Military Wiki
Sultan bin Fahd
Preceded by Faisal bin Fahd
Succeeded by Nawaf bin Faisal
Personal details
Born 1951 (age 70–71)
Taif, Saudi Arabia
Religion Islam

Sultan bin Fahd (born 1951) is the former president of youth welfare and a member of House of Saud.

Early life and education

Prince Sultan was born in Taif in 1951.[1][2] He is the son of King Fahd. His mother, Alanoud bint Abdulaziz bin Musaid, is from the Jiluwi branch of the Al Saud whose members intermarried with the Al Saud.[3] Alanoud bint Abdulaziz was younger sister of Moneera, who was the spouse of late Prince Sultan and she was also cousin of King Khalid and Prince Muhammed.[4][5] She died of kidney failure in Santa Barbara in March 1999 after a long period of treatment in Los Angeles at the age of 76.[6] His full-brothers are Faisal bin Fahd, Saud bin Fahd and Khaled bin Fahd.[5]

After schooling in Riyadh, Prince Sultan attended the Sandhurst Military Academy and obtained a bachelor's degree in military sciences in 1973.[1][7]


Sultan bin Fahd joined the tank corps of the Saudi Arabian armed forces as a lieutenant at Tabuk Province after his graduation.[1][4] In 1991, he was appointed deputy president of youth welfare.[1][8] He was appointed president of the body on 1 September 1999 after his brother Faisal bin Fahd, former president, died.[1][9] He resigned from office in January 2011.[10][11] He was also the chairman of Saudi Arabian olympic committee during his tenure.[12] His nephew Prince Nawaf replaced him as the head of youth welfare.[13]

Personal life

Sultan bin Fahd is married to Juhayr bint Faisal bin Turki Al Saud and has two daughters, Nuf and Sara.[14]


  1. 1.0 1.1 1.2 1.3 1.4 "Prince Sultan bin Fahd appointed President of Youth Welfare". Saudi Embassy. 1 September 1999. Retrieved 23 June 2012. 
  2. Peterson, J. P. (Autumn 2001). "The Nature of Succession in the Gulf". pp. 580–601. Retrieved 3 June 2012.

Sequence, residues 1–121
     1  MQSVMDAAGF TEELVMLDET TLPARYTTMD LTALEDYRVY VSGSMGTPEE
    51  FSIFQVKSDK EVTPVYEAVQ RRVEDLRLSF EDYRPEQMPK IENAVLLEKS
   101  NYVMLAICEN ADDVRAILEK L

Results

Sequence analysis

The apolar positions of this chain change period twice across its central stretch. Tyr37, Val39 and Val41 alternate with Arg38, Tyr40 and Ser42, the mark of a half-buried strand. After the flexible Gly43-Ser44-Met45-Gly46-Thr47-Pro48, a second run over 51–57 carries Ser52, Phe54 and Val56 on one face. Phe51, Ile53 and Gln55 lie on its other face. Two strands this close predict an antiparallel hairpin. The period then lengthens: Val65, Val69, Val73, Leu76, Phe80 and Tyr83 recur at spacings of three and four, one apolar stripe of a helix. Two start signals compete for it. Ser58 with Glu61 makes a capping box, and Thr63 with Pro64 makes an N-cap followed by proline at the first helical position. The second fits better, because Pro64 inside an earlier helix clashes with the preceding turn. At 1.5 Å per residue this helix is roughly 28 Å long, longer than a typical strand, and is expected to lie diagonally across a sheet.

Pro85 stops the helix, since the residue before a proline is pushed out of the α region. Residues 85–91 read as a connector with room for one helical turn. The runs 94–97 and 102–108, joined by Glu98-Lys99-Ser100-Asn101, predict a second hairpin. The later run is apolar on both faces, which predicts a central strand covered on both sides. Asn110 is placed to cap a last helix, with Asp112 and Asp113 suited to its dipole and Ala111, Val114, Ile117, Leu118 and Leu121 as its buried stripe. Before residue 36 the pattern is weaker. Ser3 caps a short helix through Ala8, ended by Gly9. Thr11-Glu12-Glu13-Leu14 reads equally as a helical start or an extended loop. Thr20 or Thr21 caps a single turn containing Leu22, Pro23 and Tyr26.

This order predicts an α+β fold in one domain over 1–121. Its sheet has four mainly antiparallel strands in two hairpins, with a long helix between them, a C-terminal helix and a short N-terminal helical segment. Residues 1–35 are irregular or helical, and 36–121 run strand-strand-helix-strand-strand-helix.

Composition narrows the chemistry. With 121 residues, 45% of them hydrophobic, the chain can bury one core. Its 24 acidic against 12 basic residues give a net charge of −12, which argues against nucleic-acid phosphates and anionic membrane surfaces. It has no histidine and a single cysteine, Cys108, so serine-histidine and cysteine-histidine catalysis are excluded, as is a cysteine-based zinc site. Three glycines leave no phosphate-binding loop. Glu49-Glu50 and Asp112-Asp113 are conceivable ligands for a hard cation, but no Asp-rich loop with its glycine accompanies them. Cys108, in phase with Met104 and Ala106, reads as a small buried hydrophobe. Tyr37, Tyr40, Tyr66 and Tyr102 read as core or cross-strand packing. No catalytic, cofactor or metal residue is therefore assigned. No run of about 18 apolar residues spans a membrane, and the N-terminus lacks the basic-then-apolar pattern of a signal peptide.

3. Teitelbaum, Joshua (1 November 2011). "Saudi Succession and Stability". BESA Center Perspectives. Retrieved 24 April 2012. 
  4. 4.0 4.1 Sabri, Sharaf (2001). The house of Saud in commerce: A study of royal entrepreneurship in Saudi Arabia.. New Delhi: I.S. Publications. ISBN 81-901254-0-0. 
  5. 5.0 5.1 "First wife of King Fahd dies". Associated Press. 9 March 1999. Retrieved 9 February 2013. 
  6. "Obituaries. Al Anoud bint Abdel Aziz; King Fahd's Wife". 16 March 1999. Retrieved 14 May 2012. 
  7. Castle, Stephen (24 May 1998). "Guns and football Guns and poses". Retrieved 12 April 2013. 
  8. Henderson, Simon (1994). "After King Fahd" (Policy Paper). Washington Institute. Retrieved 2 February 2013. 
  9. Lees, Brian (March 2006). "The Al Saud family and the future of Saudi Arabia". pp. 36–49. Retrieved 29 July 2012. 
  10. Macdonald, Ewan (15 January 2011). "Asian Cup 2011: Saudi Arabia Football Chief Prince Sultan bin Fahd Resigns". Goal. Retrieved 4 June 2012. 
  11. "Nawaf replaces Sultan as head of youth welfare presidency". 15 January 2012. Retrieved 23 June 2012. 
  12. "Prince Sultan bin Fahd awards "Sports and Information" prize". Samirad. 2 January 2005. Retrieved 3 June 2012. 
  13. "King dumps Saudi football federation president". Bullfax (France24). 15 January 2011. Retrieved 6 April 2013. 
  14. "Family Tree of Sultan bin Fahd bin Abdulaziz Al Saud". Datarabia. Retrieved 27 July 2012. 

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